REFLOW, an EU-funded project under the H2020 Innovation and Action program, has launched a work-in-progress Wastewater Heat Radar, showcased in an explanatory 10-minute video.
REFLOW aims to co-create circular and regenerative resource flows in six cities across Europe. Each city focuses on a different material or resource flow. The Berlin REFLOW pilot explores the recovery of wastewater heat. Berliner Wasserbetriebe, the city’s water utility, along with technology firms Fraunhofer Fokus and MCS Data Labs, and in coordination with the innovation and technology transfer organization Prototypes for Europe, have developed the prototype of a web-based software application that allows for matching supply and demand in wastewater heat.
Europe has set high targets for achieving a climate-neutral economy. Recent political developments in Europe make the identification of alternative energy sources even more pressing. The recovery of wastewater heat comes in handy as a potential piece in the puzzle to achieve both energy independence and climate neutrality. The hardware exists since long; challenges are rather in the areas of data acquisition and management.
By matching (i) supply of heat from domestic and industrial wastewater with (ii) demand for such excess heat, the recovery rate can be significantly increased, thereby lowering the need to generate energy through other means. Currently only a tiny fraction of heat contained in wastewater is recovered. Matchmaking of this kind is a way to make the energy transition happen.
The app targets professionals in the fields of green energy, urban planning, real estate development, industrial planning and heat pump engineering. It is currently in a test stage for the Berlin pilot team to understand the relevance of the tool across Europe, and to identify needs in other regions outside Berlin. Prototypes for Europe CEO Daniel Heltzel says: ‘It is clearly the aim to understand the potential of the matchmaking technology beyond Berlin. By exposing our idea to experts in various fields we intend to gain insight of how to best design the software, its features and visual interface, and to adapt to the needs of other urban areas.’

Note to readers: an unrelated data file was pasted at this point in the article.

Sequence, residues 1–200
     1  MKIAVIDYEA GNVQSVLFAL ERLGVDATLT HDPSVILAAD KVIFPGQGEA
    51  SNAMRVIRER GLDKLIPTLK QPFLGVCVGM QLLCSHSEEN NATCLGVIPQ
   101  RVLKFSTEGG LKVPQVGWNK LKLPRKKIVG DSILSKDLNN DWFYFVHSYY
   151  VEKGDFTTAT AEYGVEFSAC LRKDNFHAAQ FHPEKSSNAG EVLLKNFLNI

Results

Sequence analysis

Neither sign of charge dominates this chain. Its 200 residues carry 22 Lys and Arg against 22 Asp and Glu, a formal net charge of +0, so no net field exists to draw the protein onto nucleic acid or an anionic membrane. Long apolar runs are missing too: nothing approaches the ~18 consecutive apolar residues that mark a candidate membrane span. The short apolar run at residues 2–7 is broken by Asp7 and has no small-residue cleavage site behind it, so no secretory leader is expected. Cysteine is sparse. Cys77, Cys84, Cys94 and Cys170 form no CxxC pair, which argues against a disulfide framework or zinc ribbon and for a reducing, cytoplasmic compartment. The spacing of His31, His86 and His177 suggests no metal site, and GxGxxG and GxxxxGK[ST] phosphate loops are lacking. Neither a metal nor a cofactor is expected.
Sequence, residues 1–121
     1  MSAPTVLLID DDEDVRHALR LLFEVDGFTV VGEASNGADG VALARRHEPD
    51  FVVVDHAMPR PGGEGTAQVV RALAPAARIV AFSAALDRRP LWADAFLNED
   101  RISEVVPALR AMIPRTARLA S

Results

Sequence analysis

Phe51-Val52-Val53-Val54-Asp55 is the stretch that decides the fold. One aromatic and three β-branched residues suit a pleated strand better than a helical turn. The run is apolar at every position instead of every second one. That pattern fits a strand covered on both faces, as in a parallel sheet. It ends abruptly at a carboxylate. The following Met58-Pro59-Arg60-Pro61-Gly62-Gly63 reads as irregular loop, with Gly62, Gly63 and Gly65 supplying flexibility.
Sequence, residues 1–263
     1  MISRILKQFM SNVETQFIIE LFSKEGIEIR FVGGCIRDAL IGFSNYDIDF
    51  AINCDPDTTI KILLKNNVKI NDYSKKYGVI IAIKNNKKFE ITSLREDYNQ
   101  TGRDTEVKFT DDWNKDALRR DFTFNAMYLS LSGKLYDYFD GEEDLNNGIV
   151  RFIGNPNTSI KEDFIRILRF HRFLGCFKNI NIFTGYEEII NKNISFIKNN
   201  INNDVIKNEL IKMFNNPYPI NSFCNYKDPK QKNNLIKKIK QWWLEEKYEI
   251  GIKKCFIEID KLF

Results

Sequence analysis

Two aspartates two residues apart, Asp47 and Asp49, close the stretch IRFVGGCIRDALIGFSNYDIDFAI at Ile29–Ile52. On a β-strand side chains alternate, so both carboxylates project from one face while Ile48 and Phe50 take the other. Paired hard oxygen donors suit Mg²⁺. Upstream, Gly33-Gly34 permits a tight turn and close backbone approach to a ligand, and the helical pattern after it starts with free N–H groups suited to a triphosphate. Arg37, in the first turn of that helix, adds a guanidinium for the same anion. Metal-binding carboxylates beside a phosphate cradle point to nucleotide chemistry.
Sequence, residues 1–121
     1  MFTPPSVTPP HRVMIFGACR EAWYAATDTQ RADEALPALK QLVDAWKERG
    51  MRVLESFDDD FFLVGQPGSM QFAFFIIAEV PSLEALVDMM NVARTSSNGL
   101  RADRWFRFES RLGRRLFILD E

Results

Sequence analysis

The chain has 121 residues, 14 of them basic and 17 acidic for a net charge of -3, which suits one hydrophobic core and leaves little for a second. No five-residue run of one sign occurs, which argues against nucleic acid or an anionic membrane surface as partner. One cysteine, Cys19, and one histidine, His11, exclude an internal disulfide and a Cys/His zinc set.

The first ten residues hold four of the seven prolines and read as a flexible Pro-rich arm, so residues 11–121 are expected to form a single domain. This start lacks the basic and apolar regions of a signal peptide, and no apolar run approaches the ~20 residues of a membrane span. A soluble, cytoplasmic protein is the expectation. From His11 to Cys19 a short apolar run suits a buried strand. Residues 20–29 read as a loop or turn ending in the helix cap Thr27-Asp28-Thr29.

The REFLOW Wastewater Heat Radar gives users the option to search for individual buildings, or to upload a file with muliple addresses. When inserting a single address the app checks for potential heat capacity and demand. The user will get all relevant information to make a basic decision about whether the location is worth further investigation. During the testing phase and for the near future, matches will be manually generated at Berliner Wasserbetriebe which is in the possession of a large part of the data and information used in the development of the app. Data privacy and security are ensured.
Likewise for all other searches the processing of requests is manual at this stage. This allows for the further improvement of features and workflows. Going live is planned for a later stage.
The depth of information provided by the app is unique. Shown are the potential heat capacity at selected locations as well as four simulated heat demand scenarios at such locations, based on assumed building conditions. Displayed is also the percentage rate of heat demand which can be covered by the potential recovered heat.
The real power of the matchmaking unfolds when the heat potential is calculated on a district level. Users can set a radius around a selected location for retrieving total heat demand and heat capacity in that particular area. This shows the potential of the Wastewater Heat Radar to enable district heating networks.
For users with a large building inventory the app offers the possibility to check multiple addresses simultaneously. The app will run calculations for each individual building.
Users may filter all buildings by building type, for instance schools, hospitals, administrative buildings, etc. Categorized buildings will be highlighted for easy use by urban planners and other relevant stakeholders.
The question arises, what happens after a match has been identified? – In such cases Berliner Wasserbetriebe will look at the technical and financial feasibility of installing a heat exchanger. The various involved parties will enter into a negotation where all details will be discussed and a roadmap developed. Not necessarily will every match lead to an installation. Many other factors will need to be considered. The Berlin pilot though is confident that the app will serve to increase the rate of installations in Berlin, and hopefully beyond Berlin as well.
Daniel Heltzel sees a great opportunity for the matchmaking technology that has been developed: ‘This is basically what the market needs. If we are able to handle the complexities of data acquisition and management, the outlook for this technology is great and goes beyond wastewater heat. In fact, we have been in talks with organizations already that have expressed interest in further working with us on refining this technology. Along the way we will improve the interface, technical features and workflows, and with it the impact we intend to have in the market.’
Contact of the Berlin pilot: firstname.lastname@example.org
The REFLOW Berlin team has released an explanatory video of its wastewater heat matchmaking app.